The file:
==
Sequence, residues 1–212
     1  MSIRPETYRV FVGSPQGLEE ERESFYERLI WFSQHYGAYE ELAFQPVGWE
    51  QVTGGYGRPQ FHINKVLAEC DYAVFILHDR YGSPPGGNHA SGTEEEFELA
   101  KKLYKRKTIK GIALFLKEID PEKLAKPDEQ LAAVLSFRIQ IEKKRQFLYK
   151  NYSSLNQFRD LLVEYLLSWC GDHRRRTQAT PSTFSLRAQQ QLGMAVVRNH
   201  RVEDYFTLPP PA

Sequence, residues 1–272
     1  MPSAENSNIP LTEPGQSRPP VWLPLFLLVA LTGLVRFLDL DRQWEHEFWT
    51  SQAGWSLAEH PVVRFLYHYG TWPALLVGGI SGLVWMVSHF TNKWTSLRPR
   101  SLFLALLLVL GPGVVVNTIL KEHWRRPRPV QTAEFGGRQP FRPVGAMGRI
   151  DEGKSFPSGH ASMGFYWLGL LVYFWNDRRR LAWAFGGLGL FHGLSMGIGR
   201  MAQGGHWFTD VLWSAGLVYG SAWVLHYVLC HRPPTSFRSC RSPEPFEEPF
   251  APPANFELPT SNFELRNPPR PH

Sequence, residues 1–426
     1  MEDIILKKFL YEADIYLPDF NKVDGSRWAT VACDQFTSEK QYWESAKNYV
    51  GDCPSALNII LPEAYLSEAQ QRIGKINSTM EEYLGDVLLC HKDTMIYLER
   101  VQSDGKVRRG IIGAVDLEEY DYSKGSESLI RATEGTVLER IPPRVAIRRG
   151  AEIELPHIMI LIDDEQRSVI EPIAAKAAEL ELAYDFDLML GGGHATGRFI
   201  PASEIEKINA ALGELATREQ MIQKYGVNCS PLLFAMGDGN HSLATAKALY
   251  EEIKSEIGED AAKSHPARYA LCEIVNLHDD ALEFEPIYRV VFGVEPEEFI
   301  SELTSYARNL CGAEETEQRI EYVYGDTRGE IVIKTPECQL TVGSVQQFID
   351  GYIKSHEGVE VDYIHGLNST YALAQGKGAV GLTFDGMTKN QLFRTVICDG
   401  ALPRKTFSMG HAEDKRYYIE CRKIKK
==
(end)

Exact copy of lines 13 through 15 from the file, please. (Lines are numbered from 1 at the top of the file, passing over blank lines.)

   251  APPANFELPT SNFELRNPPR PH

Sequence, residues 1–426
     1  MEDIILKKFL YEADIYLPDF NKVDGSRWAT VACDQFTSEK QYWESAKNYV